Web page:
Peterborough today, 90 miles and 2 1/4 hours drive there and back. For some reason I was quite fatigued and for the first time I showed my symptoms in a meeting. Actually my manager has been very good and I have not been in the position of having to deliver training over an eight hour plus day for a long time.
Unfortunately, I was sighing and sniffing a lot during the meeting and at one stage I was asked a question, but I just stared blankly at the PPT screen, not realising that someone was talking to me.
Overall, this is not necessarily a bad thing as recently I have been forgetting things and have generally just been quite crap at my job; lots of adjustments have had to be made, and more offered. Up to now I have largely been performing well in meetings, so this at least shows how badly the AF is affecting me.
GGT done on 29th March after a month and a half without alcohol. It was required by the GP because the NGH had not managed to pass on my results from two weeks ago. It was 112, just under double the maximum but the lowest result so far. My further research and conversation with the trainee cardiologist suggested that the high GGT reading is alcohol based after all and will take a year of abstention to lower. On the plus side, the link between high GGT and alcohol doesn’t indicate liver disease, in fact the lack of other high results suggests no damage at all. It turns out that my unscientific Excel chart was actually more accurate than I thought, and the 90 day moving average is a good predictor of GGT. The last reading seems to have been a blip due to my weakness over Xmas and the few drinks I had after the news of Dave’s death doesn’t seem to have had much of an adverse effect.
Today will be my first dry birthday in 38 years; I could probably have a couple of glasses, but with the operation next week, it doesn’t seem worth the risk. Actually, it is really not a problem for me, but Diana seems disappointed. With the GGT and my drug habit evolving to contain considerable doses of amiodarone in the near future, it seems likely that my dry period will now extend at least until October.
I received a call from the hospital; procedure date is confirmed and tooth is not a problem. Now getting slightly nervous.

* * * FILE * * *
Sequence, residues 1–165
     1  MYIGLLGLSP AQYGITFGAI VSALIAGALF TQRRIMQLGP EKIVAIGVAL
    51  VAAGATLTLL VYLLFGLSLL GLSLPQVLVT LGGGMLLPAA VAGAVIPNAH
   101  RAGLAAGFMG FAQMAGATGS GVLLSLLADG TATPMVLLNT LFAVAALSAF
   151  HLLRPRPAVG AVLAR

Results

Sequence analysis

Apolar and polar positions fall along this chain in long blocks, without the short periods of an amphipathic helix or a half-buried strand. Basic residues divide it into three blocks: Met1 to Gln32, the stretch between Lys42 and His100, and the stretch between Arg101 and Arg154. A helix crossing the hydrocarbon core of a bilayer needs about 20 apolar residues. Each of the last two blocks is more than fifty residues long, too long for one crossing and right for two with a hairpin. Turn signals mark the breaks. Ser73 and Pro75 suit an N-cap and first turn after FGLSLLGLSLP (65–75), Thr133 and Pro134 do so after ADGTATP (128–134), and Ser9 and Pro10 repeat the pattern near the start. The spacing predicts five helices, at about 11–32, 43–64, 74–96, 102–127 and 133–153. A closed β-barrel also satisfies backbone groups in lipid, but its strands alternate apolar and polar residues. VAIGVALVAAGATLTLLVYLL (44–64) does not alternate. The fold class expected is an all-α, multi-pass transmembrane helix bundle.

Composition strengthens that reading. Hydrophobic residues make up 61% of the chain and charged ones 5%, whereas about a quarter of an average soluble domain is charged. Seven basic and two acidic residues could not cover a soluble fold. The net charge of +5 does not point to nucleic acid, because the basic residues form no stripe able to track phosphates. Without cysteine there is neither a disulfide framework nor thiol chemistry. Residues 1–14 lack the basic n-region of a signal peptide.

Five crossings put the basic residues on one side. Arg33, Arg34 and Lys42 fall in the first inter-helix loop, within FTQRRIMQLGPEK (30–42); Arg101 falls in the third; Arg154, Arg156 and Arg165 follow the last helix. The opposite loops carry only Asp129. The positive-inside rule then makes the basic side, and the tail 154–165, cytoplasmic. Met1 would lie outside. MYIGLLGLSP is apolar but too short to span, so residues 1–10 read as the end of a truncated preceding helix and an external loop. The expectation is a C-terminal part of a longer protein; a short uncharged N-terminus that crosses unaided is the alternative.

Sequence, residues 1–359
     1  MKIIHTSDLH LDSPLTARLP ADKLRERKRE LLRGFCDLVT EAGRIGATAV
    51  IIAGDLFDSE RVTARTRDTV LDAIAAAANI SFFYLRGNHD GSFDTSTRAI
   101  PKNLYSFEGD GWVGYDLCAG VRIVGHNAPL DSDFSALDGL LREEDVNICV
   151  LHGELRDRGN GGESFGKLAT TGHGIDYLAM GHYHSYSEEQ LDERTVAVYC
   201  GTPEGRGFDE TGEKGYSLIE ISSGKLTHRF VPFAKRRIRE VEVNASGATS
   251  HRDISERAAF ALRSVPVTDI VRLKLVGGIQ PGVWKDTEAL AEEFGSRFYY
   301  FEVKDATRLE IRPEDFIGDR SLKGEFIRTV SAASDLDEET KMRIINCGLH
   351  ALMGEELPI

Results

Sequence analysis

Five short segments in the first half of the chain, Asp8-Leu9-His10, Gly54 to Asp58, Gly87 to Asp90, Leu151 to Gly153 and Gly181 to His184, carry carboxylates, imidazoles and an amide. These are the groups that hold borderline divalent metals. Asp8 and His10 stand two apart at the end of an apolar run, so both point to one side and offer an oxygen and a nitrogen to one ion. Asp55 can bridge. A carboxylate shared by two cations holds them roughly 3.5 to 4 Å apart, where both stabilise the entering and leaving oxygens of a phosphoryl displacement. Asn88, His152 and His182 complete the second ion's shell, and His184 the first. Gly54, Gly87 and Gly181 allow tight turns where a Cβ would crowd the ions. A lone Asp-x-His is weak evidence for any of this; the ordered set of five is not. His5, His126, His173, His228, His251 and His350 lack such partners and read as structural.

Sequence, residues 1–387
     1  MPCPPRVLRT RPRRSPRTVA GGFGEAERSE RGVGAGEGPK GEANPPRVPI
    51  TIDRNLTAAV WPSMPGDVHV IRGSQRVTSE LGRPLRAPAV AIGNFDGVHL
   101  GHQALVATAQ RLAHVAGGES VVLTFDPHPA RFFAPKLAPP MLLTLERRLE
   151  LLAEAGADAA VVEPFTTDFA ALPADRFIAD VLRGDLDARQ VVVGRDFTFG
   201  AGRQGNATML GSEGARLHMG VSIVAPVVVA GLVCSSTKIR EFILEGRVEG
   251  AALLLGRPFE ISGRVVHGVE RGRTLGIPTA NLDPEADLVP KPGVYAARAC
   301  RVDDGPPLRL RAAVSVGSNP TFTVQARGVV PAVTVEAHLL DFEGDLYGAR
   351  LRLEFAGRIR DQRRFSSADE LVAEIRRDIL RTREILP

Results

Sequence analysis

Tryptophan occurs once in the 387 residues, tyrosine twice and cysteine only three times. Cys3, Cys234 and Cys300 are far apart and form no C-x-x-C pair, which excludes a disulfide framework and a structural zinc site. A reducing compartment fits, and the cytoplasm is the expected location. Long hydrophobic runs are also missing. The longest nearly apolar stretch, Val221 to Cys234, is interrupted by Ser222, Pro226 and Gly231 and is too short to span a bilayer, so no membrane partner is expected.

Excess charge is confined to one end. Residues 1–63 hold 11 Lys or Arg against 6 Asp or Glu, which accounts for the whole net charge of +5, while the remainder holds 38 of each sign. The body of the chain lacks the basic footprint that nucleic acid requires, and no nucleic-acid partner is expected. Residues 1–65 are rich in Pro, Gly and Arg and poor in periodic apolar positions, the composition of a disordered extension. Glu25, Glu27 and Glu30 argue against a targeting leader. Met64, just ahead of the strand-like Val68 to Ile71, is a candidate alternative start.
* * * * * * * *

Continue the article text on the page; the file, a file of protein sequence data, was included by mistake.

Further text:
I am getting to enjoy the CX bike in spite of the slow speeds and uninspiring views. Strava fly-by suggests that my speed is not untypical of the average trail and canal path cyclist.
Reading cycling weekly; in the current publication there is a letter about AF from me in response to an earlier correspondent.
I called the cardiologist’s secretary to ask about the tooth; embarrassed about not having any knowledge of why I was asking the question or what the question actually should be. She told me she would check with him, but didn’t anticipate a problem. She confirmed that my appointment was for the 7th April. I was a bit surprised and explained that everyone up to now has said 18th April; apparently he stepped in and rescheduled his work to move me forwards. I am hoping that this is to prioritise his research project, not that there is a particular reason why two weeks later would be a problem.
A quick check up visit today, made lengthier by my answer to the question, “Any changes to your health recently“. I wasn’t sure whether I had any tooth problems, because jaw pain is a side effect of my medication and have had an occasional dull ache in my jaw since starting my recent drug habit. Apparently its a problem with a wisdom tooth, the dentist has washed her hands of it entirely and insists it is dealt with by the dental unit at hospital (luckily, as this is much cheaper for me). She wants me to contact the cardiologist to ask his opinion on whether it needs to be done as an emergency prior to the mini-maze or if it could be left until after.
She did not make it clear why there was a problem, and when I asked what I should say as background to the question, she had nothing to add. I suspect she is just trying to avoid making a decision while passing any liability on to me.
I received a phone call from the research nurse while at work. I am being probably being scheduled for 18th April. All good, except that is the only day where I will be struggling for a lift.
Pre-assessment day today. Quite impressive the way the hospital dealt with it, much like a production line. Lots of prodding, swabbing and testing by various people: height, weight, lung capacity, measured for compression socks, blood tests for “everything”: swabs for MRSA in mouth, nose and groin, urine test, chat with junior doctor and all paperwork sorted out. Strangely, the paperwork was the longest session.
After the operation, I will spend a day in the High Dependency Unit and apparently will be given amiodarone; definitely not looking forward to that. It still looks like 6-8 weeks before admission.
I discovered this morning that I had run out of tea bags. The cardiologist had recently told me that it was unlikely that the caffeine in my coffee was having any kind of effect on my AF. I decided to go back to drinking coffee for a day, rather than go to the shops for tea. It didn’t seem a problem given that there is still caffiene in tea.
I discovered later that coffee is now a major problem for me, headache, flashing vision, inability to concentrate (worse than the normal bisoprolol influence). Having restricted myself to one cup a day for the last 6 months, I have now lost all tolerance to high levels of caffeine.